I know that I have been wanting for three years to straighten my attic the way I would like to see it done, and neither have I been permitted to do it, nor will my children do it for me. It is one of those things that has got to be done by one of the family , no cleaning-woman can do anything except the heavier part of the work.
And now, whenever I go up and sort over a trunk of letters or a chest of drawers, some one is sure to hear me walking around up there and come after me, until what - Margaret and Dudley call my " attic face " is a joke in the family. They pretend that there is a certain joyful but furtive look comes over me when I have " designs," as Dudley says, on the attic.
" That attic, I hope, will never get cleared," he tells me. " It is all the joy to you that a double life would be. It gives you the joy of forbidden fruit. As long as it is n't cleared, you can sneak up there and go on a terrible debauch; of course you are generally ill and miserable after it, but who minds that when they have made a night of it ?"
In this disrespectful way does my son joke me, not realizing that the state of the attic is a real source of annoyance to me.
Almost every older woman has something equivalent to my attic. Oftentimes this attic is a thing a woman is strong enough to do herself, but which her children, with their too loving care, prevent her doing. Sometimes little household duties that she has attended to all her life herself, from one day to another, her children have decided she isn't strong enough to do. Perhaps one time she got tired ; who doesn't ? Young people as well as old get tired. And sometimes I think that those old people are most to be envied, after all, who keep forever in the harness and to whom each day brings its compulsory duties ; in them lies the essence of youth, which, after all, I suppose, has a good deal to do with the feeling that one is helping to make the wheels of the world's work go round.
I think that many a woman has had her life shortened by this fretting that might have been avoided, much more than it would have been by the fatigue that doing what she wished to would incur. When day after day one asks those young people, upon whom one has become dependent for some service, to look after this or that, the chains of age weigh heavily. We have to ask in all the varying tones that the dependent must use, from the cajolery with which we get our own way to the futile bursts of irritation, and in the end perhaps resort to subconscious strategy, lucky at last if we can but accomplish our purpose. When I do this there is a feeling deep in my heart of how round-about, how circuitous, are my acts, how unlike the " I "that once brought about the small things in the world that I wished to; so short a time ago I could accomplish in my life, in the ordering of my household, what I wished.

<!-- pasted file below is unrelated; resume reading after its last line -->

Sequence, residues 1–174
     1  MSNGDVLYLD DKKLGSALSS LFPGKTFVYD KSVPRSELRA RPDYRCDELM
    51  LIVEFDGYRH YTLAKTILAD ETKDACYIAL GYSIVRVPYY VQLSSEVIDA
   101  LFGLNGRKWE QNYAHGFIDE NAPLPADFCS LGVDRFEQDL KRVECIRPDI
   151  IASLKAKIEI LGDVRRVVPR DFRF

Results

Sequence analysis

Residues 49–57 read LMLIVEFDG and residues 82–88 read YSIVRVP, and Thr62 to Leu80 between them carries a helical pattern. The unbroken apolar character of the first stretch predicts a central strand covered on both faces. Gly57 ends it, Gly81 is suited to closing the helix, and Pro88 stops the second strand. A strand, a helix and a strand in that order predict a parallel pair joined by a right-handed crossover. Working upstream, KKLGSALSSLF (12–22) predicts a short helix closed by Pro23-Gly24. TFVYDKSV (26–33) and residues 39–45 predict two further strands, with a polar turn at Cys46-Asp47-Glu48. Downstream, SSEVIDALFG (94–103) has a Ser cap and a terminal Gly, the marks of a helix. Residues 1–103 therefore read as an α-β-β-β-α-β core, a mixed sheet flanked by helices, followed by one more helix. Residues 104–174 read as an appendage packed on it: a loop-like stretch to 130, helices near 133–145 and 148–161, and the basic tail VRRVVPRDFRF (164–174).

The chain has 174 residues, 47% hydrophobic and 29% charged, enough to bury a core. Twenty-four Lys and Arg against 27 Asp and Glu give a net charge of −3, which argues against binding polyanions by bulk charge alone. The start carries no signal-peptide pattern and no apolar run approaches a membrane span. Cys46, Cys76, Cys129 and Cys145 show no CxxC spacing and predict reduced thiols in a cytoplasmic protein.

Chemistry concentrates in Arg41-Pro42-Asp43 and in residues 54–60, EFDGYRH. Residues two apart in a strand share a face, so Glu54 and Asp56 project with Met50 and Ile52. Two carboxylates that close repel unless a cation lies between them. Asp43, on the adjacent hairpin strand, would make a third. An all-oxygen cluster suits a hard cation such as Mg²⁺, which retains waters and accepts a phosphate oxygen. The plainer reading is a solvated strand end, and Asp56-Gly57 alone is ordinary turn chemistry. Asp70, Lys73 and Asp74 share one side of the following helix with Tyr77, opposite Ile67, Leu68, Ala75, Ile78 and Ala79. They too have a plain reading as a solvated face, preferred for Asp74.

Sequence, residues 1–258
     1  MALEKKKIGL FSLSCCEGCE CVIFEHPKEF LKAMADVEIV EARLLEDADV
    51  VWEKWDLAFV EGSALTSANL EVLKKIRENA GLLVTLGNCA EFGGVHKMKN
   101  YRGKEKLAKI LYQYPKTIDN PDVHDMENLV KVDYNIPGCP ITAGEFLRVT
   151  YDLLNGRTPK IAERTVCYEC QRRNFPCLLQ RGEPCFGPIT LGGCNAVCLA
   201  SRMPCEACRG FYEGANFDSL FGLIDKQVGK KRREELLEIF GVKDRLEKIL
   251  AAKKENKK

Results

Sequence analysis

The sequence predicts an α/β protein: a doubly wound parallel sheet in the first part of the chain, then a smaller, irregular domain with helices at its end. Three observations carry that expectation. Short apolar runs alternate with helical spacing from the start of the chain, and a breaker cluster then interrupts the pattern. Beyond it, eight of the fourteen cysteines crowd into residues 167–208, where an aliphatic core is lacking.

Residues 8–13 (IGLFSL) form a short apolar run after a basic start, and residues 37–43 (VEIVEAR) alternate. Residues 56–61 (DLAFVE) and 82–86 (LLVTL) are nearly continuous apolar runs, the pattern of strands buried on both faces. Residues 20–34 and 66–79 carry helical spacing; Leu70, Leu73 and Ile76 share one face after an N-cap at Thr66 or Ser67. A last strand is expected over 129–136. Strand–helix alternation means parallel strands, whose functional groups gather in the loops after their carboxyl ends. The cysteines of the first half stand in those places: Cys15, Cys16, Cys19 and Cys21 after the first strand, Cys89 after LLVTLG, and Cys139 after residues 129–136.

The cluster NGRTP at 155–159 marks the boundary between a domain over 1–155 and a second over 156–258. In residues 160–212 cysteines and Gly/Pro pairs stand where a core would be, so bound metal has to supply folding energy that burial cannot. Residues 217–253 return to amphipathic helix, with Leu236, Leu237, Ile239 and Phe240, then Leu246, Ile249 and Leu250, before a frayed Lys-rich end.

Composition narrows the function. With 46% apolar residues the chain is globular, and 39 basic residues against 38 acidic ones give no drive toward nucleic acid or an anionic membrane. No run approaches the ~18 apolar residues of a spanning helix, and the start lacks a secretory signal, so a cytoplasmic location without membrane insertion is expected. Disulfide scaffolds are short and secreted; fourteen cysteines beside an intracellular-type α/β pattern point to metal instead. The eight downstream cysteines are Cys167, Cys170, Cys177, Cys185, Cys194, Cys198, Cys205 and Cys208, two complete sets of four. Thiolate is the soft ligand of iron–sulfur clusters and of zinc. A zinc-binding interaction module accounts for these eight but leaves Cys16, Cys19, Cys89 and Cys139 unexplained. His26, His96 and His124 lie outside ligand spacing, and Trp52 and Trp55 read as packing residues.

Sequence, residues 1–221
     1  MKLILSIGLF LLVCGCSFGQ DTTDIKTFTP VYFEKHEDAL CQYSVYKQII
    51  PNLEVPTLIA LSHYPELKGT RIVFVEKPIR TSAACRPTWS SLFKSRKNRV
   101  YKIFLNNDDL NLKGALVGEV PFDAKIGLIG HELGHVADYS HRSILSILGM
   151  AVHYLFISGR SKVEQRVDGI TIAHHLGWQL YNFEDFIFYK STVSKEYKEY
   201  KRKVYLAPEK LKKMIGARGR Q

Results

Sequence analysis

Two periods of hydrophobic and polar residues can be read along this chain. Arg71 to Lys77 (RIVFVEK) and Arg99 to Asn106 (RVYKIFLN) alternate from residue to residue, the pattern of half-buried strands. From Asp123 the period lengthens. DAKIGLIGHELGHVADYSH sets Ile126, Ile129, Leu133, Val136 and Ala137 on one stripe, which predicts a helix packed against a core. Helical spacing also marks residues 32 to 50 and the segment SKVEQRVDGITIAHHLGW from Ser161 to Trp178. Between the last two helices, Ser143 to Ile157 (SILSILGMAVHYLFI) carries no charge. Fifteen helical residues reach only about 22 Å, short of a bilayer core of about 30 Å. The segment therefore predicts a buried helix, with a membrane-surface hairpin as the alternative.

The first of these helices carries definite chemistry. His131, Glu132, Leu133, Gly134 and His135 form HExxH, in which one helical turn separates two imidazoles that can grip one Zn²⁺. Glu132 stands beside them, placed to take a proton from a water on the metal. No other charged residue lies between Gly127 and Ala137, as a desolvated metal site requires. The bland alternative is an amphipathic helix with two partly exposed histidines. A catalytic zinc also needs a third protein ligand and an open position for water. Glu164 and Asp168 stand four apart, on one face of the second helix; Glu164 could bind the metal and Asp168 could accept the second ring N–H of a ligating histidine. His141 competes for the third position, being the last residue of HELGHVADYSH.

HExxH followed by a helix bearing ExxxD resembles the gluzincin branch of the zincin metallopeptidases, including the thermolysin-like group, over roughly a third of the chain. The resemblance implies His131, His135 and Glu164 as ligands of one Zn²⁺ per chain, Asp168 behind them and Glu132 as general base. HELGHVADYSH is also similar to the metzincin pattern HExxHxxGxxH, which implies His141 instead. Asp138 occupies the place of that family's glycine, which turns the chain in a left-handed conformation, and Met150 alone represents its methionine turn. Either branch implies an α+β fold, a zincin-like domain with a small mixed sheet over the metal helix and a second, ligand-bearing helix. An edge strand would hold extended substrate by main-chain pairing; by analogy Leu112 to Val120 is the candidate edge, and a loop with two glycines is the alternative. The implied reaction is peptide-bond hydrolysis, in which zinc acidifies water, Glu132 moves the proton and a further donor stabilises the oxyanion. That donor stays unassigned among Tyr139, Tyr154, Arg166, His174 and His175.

The spaces in our lives that our children have helped to empty by making it difficult for us to do those things which they consider harmful for our well-being, they try to fill up with their kindly and blundering hands. Every older woman who lives much with her children knows what I mean.
Margaret and Dudley, I know, feel that I don't see enough of women of my own age. Mrs. Allen, at the other end of the town, and I have a very good time together whenever we meet, and yet it is quite a distance — for although it is a little town where we live, it is sprawled all along the Common — for us on our old legs to run in and out, and we have managed to live half a lifetime without ever becoming intimate, notwithstanding a very real enjoyment we have in each other's society.
This liking Dudley tries to further as though it was a hothouse plant.
" You look ' down,' mother; shan't I telephone to Mrs. Allen? Or let me run down in the motor and get her for you."
Or, " I'm just going over to Lembury; shan't I drop you at Mrs. Allen's for a half-hour ? " until Mrs. Allen has become to me the symbol of " amusing mother."
When I see them at it, it touches me in my heart and it touches me in my temper as well. I don't want to be amused; I don't want to have occupation found for me. If I have nothing better to do than to sit with my hands folded, then I prefer to sit; nor does conversation like this affect me in the slightest.
Margaret will say to Dudley:
" I think that Mrs. So-and-So has changed very much this last year. She has allowed herself to lose interest in things."
"Yes," Dudley will reply, " I think an older woman makes a great mistake not to cultivate her own hobbies."
" And beside that," Margaret will add, " keep abreast with the times. Now there is Mrs. Griscom," she went on in reproving tones, "I see her out motoring with her son almost every day."
Now here I knew what they were getting to; they wanted me to go out in Dudley's new motor. Now, if there's anything I dislike it is nasty, smelly, jouncing, child-grazing, dog-smashing, chicken-routing motors. I ride along with my heart in my mouth, — not for my own life and limbs, although those are uncomfortable enough being jounced along like a piece of corn in a popper, which seems to me no way for a woman to spend her few remaining years of life; but it is for the people along the wayside whom we almost crush, — the trembling horses, the squawking hens, the frightened children that rack my nerves.
I don't like motors any more than I like trolley cars, although I ride in the cars when I have to go from one town to another, but I don't enjoy them any more than I enjoy trains. If all my neighbors want to do it and enjoy it, let them, — I don't intend to ! But Margaret always had a mania for having me ride; before Dudley got the car, it was carriages, but now, under one pretext or another, they try to get me to go motoring with Dudley. They say that if I once get into the car I will get to like it, but I know that I shall not. I shall not get to like it any more than I shall ever have Mrs. Allen for my bosom friend.
These things can't be forced upon one; we will for ever and ever, young or old, choose our amusement from some hidden spring within ourselves, and if new doors are to be opened to us of enjoyment, it is our hands that must lift the latch, though we follow in the lead of some beloved person.